The Pope has written a message to mark the 50th anniversary of the Second Vatican Council's Decree on the Apostolate of the Laity
Laypeople are not second-class members at the service of the Church hierarchy, but are disciples of Christ called to “enliven every environment, every activity and every human relationship according to the Gospel,” Pope Francis has said.
The Pope sent a message to Cardinal Stanislaw Rylko, president of the Pontifical Council for the Laity, and participants of a workshop marking the 50th anniversary of the Second Vatican Council’s Decree on the Apostolate of the Laity, which defined the role, vocation and mission of laypeople in the Catholic Church.
In his message, the Pope said that the Second Vatican Council did not just highlight the importance of the laity in the Church, but defined their role as a vocation.
The proclamation of the Gospel “is not reserved to some ‘mission professionals,’ but should be the profound aspiration of all lay faithful who are called to evangelise by virtue of their baptism,” he said.
The Pope said that while the council’s teachings have contributed to the growth of lay formation, its application challenges “every generation of pastors and laypeople, because it is a priceless gift of the Holy Spirit that must be accepted with gratitude and a sense of responsibility.”
Telling participants that making the teachings of the Second Vatican Council come alive in the Church was a strong pastoral motivation for St John Paul II, Pope Francis asked them to “have in your hearts the same longing to live and implement the council and bring the light of Christ to the world.”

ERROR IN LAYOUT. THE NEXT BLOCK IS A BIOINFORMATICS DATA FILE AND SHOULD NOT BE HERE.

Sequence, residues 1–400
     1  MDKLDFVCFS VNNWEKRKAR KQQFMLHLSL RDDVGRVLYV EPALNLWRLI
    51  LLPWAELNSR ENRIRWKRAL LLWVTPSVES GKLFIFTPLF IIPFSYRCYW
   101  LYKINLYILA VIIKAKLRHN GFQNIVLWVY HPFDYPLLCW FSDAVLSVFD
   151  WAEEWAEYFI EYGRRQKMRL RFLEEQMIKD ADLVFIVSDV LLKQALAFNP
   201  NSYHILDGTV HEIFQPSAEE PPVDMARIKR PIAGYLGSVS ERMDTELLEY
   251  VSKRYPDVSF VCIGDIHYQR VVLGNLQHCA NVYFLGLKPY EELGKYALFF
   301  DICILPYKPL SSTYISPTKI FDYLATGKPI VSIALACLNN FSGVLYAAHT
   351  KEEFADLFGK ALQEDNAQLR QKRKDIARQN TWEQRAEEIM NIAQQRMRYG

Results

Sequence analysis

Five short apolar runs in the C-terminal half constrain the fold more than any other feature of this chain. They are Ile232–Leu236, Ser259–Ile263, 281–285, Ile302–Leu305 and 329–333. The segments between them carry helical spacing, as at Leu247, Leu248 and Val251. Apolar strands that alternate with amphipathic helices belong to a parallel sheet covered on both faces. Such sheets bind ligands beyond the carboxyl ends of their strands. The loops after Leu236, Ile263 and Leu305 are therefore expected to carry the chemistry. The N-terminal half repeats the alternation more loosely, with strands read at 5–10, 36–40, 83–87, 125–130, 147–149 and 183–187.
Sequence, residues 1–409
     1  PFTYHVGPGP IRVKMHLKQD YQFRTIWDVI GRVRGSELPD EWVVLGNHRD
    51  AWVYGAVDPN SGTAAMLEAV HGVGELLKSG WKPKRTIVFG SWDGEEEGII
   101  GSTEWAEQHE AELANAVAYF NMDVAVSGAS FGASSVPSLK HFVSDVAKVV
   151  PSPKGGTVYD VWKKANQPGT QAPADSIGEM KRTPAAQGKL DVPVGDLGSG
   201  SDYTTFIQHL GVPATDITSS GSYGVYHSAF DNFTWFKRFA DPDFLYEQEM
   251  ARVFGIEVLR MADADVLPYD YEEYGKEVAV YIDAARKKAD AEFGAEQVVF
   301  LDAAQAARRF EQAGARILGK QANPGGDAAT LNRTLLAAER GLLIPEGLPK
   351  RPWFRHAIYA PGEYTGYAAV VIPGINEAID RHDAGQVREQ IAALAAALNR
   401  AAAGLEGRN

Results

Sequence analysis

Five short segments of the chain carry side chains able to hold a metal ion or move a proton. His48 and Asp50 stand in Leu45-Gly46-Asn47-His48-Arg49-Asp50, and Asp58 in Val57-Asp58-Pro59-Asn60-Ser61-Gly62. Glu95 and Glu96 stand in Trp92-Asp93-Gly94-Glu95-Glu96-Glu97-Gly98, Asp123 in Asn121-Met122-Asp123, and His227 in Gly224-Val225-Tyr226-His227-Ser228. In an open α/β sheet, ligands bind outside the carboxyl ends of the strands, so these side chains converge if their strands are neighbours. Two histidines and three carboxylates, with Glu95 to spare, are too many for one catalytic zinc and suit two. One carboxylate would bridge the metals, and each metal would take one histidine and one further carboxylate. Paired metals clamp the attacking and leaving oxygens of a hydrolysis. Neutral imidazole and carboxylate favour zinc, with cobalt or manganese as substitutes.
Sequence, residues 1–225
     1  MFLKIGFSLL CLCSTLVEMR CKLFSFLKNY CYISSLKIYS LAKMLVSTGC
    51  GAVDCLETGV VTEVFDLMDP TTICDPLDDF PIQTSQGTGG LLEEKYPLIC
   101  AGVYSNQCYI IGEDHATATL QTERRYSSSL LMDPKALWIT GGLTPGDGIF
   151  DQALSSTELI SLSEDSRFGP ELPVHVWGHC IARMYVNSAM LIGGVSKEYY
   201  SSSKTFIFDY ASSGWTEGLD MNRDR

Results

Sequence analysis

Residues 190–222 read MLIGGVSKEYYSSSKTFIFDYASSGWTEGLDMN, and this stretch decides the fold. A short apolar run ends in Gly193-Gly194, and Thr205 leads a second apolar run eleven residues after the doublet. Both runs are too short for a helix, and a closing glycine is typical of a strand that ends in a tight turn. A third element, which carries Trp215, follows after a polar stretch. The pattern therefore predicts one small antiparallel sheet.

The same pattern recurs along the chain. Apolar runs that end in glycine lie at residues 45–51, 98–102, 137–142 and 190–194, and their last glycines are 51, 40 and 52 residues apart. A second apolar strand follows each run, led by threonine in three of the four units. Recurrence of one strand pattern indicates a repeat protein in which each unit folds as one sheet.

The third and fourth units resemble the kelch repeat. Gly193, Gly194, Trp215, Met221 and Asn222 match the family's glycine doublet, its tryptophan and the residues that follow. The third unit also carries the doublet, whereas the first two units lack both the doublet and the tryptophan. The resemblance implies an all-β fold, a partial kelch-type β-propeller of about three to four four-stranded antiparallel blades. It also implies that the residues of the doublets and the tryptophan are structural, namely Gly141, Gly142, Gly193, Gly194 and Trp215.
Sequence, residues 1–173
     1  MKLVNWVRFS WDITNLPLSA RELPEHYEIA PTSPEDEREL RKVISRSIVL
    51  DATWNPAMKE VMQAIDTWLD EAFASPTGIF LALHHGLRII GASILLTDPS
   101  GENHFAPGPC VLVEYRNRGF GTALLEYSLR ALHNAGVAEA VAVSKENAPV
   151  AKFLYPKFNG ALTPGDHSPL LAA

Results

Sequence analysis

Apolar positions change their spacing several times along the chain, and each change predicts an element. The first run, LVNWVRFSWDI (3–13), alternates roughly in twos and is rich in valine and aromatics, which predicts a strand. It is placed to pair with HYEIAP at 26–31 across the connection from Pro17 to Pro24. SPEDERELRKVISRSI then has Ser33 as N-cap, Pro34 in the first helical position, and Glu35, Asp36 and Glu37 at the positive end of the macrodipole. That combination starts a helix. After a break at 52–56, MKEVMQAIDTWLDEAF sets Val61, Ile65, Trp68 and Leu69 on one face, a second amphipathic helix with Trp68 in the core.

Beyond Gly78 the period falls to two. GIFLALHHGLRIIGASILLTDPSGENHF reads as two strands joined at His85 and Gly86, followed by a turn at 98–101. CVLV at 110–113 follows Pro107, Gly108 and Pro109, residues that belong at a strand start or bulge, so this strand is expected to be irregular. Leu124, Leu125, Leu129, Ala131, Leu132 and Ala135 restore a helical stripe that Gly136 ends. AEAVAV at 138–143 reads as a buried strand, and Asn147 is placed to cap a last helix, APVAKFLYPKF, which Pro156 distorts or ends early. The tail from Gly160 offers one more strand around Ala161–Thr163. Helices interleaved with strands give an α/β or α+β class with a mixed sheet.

Meanwhile, the pope has met with members of the Guanellian Family, a group of individuals and associations inspired by the life and charism of St Louis Guanella, the Italian founder the Servants of Charity, the Daughters of St Mary of Providence and the Confraternity of St Joseph.
Meeting some 5,000 members on a pilgrimage to Rome today, Pope Francis told them that if he were to imagine what their founder — who died in 1915 — would tell them today, he said it would be “to trust, look and hurry.”
People have to trust in the fact that God cannot help but love his children no matter what, he said.
He added: “If we are distant from him, we are longed for; when we draw close, we are embraced; if we fall, he picks us up; if we are repentant, he forgives.”